When Secretary of State John Kerry met with his Saudi counterpart Prince Saud al-Faisal in Paris this week, he likely got an earful of complaints over Syria. There was no public news conference after their meeting, which makes sense given that the Saudis often prefer that their sensitive consultations with the United States remain hidden behind closed doors. However, Kerry’s announcement earlier in the day of a conference to boost the Syrian opposition was probably intended in part as a sop to the Saudis.
Barely one week earlier, Kerry came out of another meeting with Saud al-Faisal trumpeting that the United States had Saudi Arabia’s support for military action against Syria. This was an understatement. Riyadh was downright aggressive in its push for an American-led intervention after the alleged August 21 chemical weapons attack that U.S. officials say killed more than 1,400 people in Ghouta, Syria.
The Saudis badly wanted to see a strike on Syria, and they have grown frustrated with America’s fitful diplomacy since then. Recently, they have seemed less willing than usual to submerge their disagreements with Washington from public view. And there is undoubtedly a real sense of urgency to their efforts.
By Robert Hutchings, Special to CNN
Editor’s note: Robert Hutchings is dean of the Lyndon B. Johnson School of Public Affairs at The University of Texas and co-director of its “Reinventing Diplomacy” initiative. He served as chairman of the U.S. National Intelligence Council from 2003 to 2005. The views expressed are his own.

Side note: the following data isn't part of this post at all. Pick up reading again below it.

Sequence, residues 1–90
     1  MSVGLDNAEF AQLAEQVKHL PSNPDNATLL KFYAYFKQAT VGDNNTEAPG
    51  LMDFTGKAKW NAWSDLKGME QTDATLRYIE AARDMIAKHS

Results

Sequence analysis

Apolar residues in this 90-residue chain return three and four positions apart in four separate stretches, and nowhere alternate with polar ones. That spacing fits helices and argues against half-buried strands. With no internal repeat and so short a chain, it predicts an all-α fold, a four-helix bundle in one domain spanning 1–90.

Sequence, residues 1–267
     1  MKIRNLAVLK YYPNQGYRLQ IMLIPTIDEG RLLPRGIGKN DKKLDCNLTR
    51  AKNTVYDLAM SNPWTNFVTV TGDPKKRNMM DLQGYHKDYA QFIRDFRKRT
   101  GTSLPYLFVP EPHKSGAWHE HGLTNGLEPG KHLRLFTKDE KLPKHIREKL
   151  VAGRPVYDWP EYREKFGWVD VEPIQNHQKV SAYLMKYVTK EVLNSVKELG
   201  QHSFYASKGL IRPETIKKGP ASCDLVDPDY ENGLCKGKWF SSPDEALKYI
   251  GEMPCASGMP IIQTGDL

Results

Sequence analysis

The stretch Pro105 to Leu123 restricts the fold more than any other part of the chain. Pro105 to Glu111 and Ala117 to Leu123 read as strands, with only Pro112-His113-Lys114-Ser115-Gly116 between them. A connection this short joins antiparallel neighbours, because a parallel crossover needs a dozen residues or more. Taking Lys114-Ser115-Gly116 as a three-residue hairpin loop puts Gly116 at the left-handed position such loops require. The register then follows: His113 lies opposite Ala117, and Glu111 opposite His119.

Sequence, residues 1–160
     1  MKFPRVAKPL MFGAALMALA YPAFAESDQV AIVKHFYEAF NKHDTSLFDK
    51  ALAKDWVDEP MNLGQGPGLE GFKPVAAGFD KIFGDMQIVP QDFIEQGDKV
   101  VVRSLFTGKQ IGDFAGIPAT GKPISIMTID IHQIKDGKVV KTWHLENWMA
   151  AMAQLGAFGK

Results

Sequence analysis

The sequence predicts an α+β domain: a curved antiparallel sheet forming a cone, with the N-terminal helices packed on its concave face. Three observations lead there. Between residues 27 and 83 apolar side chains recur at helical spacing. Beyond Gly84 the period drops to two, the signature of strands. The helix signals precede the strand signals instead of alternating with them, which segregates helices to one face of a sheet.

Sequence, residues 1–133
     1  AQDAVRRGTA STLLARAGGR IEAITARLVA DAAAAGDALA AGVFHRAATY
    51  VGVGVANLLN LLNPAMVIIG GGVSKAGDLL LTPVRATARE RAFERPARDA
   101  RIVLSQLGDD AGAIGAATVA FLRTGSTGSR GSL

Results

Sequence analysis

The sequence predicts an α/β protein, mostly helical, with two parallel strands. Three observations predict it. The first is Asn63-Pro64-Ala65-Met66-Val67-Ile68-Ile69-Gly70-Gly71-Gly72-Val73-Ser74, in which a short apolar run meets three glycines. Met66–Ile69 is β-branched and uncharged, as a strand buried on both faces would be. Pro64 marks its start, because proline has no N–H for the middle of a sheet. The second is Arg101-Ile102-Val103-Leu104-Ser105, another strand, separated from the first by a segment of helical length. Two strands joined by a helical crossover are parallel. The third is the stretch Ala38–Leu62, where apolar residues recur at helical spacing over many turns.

Clausewitz famously wrote about the fog of war – the confusion and chaos that undermine even the best laid battle plans. The same could be said of diplomacy, particularly the last two weeks of American diplomacy toward Syria.
In an earlier commentary, I praised the Obama administration for handling an intractable challenge reasonably well, but warned of the danger of escalation once military action commenced. That was before the decision to delay action while consulting Congress. Since then, the administration’s cautious approach has unraveled, and the president has wholly lost control over U.S. policy.
There was no need to go to the full Congress – and many reasons not to do so. The limited strikes the administration was considering did not rise to a level that required Congressional endorsement. Consultations with senior Congressional leadership, even without gaining their full support, would have been sufficient. The policy would then have been judged by its effectiveness, and had the objectives been limited to punishment for the al-Assad regime’s use of chemical weapons, there were good prospects of success. Taking such limited but important action without Congressional authorization could easily have been defended on grounds of urgency.
By Michael Shank and Emily Wirzba, Special to CNN